The earliest I can see is from 1829:
The Casket, Or, Flowers of Literature, Wit & Sentiment
Volume 4. Anonymous. Printed and Published By Atkinson & Alexander.
"To rove at will through ether's wide domain,
And there commune with nature and with God."
But the expression seems to have been popular by the 1830s, appearing in the American Annals of Education and Instruction, in a poem by Edgar Allan Poe and in "The Excursion" by Wordsworth (1836). So it may well be older.
Wordsworth's poem says,
".......................................For the man
Who, in this spirit communes with the Forms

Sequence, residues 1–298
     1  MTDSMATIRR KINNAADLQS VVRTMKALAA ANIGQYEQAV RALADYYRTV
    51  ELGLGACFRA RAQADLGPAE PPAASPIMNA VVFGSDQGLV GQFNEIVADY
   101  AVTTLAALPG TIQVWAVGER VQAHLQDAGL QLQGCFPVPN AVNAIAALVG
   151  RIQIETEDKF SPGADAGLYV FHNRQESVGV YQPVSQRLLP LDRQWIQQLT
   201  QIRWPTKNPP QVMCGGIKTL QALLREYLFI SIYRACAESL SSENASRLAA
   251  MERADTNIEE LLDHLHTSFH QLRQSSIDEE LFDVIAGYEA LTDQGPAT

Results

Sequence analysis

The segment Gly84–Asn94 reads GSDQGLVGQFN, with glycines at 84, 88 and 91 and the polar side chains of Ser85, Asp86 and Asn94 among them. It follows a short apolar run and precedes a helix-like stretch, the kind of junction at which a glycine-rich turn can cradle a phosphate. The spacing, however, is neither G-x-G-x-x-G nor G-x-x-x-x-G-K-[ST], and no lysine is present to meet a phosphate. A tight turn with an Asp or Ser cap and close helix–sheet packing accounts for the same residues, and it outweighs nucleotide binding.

Of Nature, who with understanding heart...
(It's the index that refers to this passage as "communes with nature.")
Here it is in 1854, in The Churchman's Monthly Magazine - Volume 1 - P.113
He sat down on a rock and said, — "Here I will commune with nature."
I replied, "And I will go on a little further and commune with God!"
"Stay," he cried, "I would go with you."
"But you cannot see him," I said. "I see him in the mountain, and the glacier, and the flower. I hear him in the torrent and the still small voice of the rills and waterfalls."